Friday, May 28, 2021

The Yang Gang and Me

I've made no secret of my distaste for mayoral candidate Andrew Yang. At first, I had little or no opinion about him. As a presidential candidate, he appeared a long shot, but didn't appear insane or anything. He was not on my list of Democrats I would absolutely not support, like Mike Bloomberg and Corey Booker, both famous for anti-public education stances.  Things changed for me when Yang started running for mayor, and made the egregious error of opening his mouth

“I think it’s ridiculous that we’re tenuring teachers at like the two-year mark or something, and make it so you can’t be paid or you can’t be disciplined or fired.”

That is so off the wall. This man doesn't know the first thing about the topic he's discussing, in public, in front of every UFT member. The fact is that tenure takes four years, and it's been that way for a good decade or so. Before that, it took three years. Isn't it due diligence, when you're running for office, to speak about things you know and not simply make stuff up?

In any case, these comments display an adversarial stance to those of us who teach NYC's students. I'm chapter leader of a very large school, and I can give you chapter and verse on teachers being disciplined. I know teachers who've been fired. As for not getting paid, well, you'd have to ask Yang himself what the hell that's about. 

Yang also blamed us for schools not being open. That's ridiculous. The United Federation of Teachers, to the absolute disappointment of some members, has bent over backward to accommodate school opening. We have insisted on safeguards and abundant testing so as to preclude disaster, and it now appears we've achieved that for the most part. 

When confronted with this, in a one on one with Michael Mulgrew, Yang pulled out yet another old chestnut.

So let's unpack that, just a little.  Diane Ravitch says, "Merit pay is the idea that never works and never dies." It's been tried for over a hundred years, and every teacher knows it does not and will not work. A principal once told me that he expected 100% from teachers, and that any teacher hanging around waiting for merit pay ought to be fired. But alas, reformies, like wealthy lobbyist Bradley Tusk, who used to work for Bloomberg and now works for Yang, know what's best. Otherwise, why would they have all that money?

Now Yang says he won't be influenced by his wealthy benefactor, but there are some indications otherwise. For one, even Tusk refers to Yang as an "empty vessel." There's little doubt in my mind how Tusk intends to fill this vessel:

One of Mr. Yang’s very first proposals after announcing his run for mayor was that the city should put a casino on Governors Island.

Doubtless it's sheer coincidence that Tusk has a longstanding interest in casino investment. Me, I'm more interested in public school investment. Yang, though, as evidenced by the tweet above, favors charter schools. It's not a big secret that most charters are non-union. Nor is it a secret that charters, while graciously taking our money, are still privately run. And, as a Yang supporter reminded me, his support for privatization does NOT end at charters.

That brings him squarely into Betsy DeVos territory. I didn't much like Arne Duncan, but even he drew the line at school vouchers. Now sure, Yang calls them opportunity scholarships or something, but it's absolutely the same concept--public money going to private schools. Do you think a thousand bucks is gonna help some inner-city kid go to Dalton? Think again.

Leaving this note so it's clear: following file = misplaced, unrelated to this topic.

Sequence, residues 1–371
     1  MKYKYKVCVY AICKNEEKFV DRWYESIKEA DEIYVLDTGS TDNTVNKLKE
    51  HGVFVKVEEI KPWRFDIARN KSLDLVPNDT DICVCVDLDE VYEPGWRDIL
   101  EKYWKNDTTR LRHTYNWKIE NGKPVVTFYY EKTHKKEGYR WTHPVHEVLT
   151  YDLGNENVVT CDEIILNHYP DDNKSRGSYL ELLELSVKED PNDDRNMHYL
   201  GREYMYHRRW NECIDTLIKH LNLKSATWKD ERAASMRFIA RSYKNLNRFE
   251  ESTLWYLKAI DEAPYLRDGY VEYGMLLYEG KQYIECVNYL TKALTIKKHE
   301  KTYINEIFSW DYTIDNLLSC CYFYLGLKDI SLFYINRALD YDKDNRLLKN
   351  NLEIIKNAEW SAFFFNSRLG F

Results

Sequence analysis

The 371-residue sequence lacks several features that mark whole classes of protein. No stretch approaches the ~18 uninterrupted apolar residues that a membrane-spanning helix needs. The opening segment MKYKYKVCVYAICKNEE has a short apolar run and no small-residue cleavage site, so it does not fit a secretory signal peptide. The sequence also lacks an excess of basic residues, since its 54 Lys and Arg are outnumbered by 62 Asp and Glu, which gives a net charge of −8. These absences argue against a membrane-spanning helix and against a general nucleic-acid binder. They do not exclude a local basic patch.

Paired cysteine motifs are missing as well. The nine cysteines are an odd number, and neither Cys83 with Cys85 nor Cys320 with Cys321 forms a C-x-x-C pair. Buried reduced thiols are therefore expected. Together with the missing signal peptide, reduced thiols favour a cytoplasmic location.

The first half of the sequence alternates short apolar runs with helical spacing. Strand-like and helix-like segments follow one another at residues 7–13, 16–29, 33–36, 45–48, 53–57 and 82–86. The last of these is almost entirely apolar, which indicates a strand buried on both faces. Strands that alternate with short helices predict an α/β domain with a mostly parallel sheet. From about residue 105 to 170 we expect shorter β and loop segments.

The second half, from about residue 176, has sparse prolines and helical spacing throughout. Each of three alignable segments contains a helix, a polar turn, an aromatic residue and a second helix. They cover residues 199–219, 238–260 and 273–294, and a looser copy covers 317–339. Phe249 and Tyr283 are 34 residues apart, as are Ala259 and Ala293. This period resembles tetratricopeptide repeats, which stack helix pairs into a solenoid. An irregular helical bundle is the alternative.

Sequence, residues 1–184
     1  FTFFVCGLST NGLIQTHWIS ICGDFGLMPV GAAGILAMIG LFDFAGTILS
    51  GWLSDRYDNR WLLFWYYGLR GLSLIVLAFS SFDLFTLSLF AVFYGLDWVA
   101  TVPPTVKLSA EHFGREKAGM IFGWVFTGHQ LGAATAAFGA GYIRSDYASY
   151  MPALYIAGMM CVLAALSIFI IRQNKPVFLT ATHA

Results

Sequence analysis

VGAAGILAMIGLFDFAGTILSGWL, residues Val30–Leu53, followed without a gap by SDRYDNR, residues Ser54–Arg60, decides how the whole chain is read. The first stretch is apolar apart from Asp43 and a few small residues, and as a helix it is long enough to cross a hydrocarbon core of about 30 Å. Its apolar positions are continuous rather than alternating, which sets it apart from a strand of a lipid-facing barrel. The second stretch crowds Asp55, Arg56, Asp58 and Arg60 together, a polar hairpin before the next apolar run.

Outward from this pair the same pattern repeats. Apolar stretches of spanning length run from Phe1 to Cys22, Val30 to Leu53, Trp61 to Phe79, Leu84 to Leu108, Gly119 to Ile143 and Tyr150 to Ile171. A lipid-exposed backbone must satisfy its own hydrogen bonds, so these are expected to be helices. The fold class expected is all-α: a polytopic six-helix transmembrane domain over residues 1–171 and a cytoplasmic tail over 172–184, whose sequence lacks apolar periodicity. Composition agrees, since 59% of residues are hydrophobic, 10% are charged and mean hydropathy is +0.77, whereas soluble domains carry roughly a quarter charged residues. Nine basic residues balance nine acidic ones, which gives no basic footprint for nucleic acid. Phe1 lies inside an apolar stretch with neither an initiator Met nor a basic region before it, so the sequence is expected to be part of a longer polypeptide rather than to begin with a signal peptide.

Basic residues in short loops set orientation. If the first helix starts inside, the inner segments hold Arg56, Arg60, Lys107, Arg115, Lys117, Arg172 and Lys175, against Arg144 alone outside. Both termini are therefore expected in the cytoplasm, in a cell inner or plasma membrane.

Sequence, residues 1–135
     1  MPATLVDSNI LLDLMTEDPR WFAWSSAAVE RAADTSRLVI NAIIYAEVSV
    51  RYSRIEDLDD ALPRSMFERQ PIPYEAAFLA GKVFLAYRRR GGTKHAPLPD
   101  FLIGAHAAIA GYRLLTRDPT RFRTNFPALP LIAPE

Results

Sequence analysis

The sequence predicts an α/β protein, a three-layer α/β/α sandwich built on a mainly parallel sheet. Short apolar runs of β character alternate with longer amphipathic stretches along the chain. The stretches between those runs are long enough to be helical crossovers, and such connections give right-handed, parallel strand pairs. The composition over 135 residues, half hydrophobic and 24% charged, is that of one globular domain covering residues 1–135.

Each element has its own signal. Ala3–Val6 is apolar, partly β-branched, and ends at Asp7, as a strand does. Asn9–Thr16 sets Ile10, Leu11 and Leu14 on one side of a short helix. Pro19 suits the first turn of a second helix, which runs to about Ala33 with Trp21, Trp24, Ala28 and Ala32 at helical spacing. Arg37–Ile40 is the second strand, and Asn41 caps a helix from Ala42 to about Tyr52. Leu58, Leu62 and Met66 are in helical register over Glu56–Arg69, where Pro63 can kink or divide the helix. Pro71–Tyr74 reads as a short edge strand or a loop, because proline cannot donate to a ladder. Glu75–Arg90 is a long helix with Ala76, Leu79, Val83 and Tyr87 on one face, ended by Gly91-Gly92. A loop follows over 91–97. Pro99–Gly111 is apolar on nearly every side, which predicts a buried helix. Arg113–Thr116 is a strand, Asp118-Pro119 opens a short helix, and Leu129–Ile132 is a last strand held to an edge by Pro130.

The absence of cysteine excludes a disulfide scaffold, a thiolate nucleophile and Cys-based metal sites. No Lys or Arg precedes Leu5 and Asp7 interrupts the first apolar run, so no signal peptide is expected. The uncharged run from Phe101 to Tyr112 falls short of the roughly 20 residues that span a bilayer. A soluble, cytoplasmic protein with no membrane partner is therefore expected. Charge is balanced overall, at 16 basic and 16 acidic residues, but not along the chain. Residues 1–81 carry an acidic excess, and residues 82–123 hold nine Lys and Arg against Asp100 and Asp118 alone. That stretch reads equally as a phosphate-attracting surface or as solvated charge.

I am really disappointed to read that Grace Meng, who I really like, has chosen to back Yang. Another disappointment is Ron Kim, who's been outspoken on the miserable corruption of Andrew Cuomo. I've been asking Kim to defend Yang on the issues.

He hasn't mounted much of a defense. First he defended his actions against Cuomo. I've actually long admired his standing up to the bully Andrew Cuomo. Then he asked who I support for mayor, and I'm sticking with public education champion Scott Stringer, despite the single accusation against him. The fact is, though, who I support for mayor has absolutely nothing to do with the shortcomings of Andrew Yang. 

What's in a name? Perhaps considering Andrew Cuomo, Yang represents one too many Andrews. Who knows? After failing to defend any of Yang's positions, Kim came back with a snide reference to Stringer:



In fact, rather than address my issues about Yang, Kim took to criticizing me further. This strongly suggests that he has no defense whatsoever for the anti-public education stance of his chosen candidate.

So here's the thing--the Yang Gang had quite a bit to say about my tweets. One wrote, "Shitlib alert." Another suggested, "When you throw out buzzwords and hope that they land. Nice try Arthur." Several referred to mayoral hopeful Kathryn Garcia and her support of lifting the charter cap, blissfully unaware that Yang too supports charters. What I have yet to see, though, is a defense of Yang. While Kim is more eloquent than some Yang proponents, he too has failed to address any of the candidate's stated positions.

So let me be clear--privatization of education is not a progressive position. Yang's educational position is more extreme than that of Mike Bloomberg, more extreme than that of John King, and resembles nothing more than that of Donald Trump and his chosen education gazillionaire, Betsy DeVos. (And of course I know I ought not to criticize Betsy without first sailing a mile in her yacht.)

But it's heartbreaking to see progressive, generally well-intentioned politicians backing a corporate hack like Andrew Yang. I sincerely hope they reconsider.

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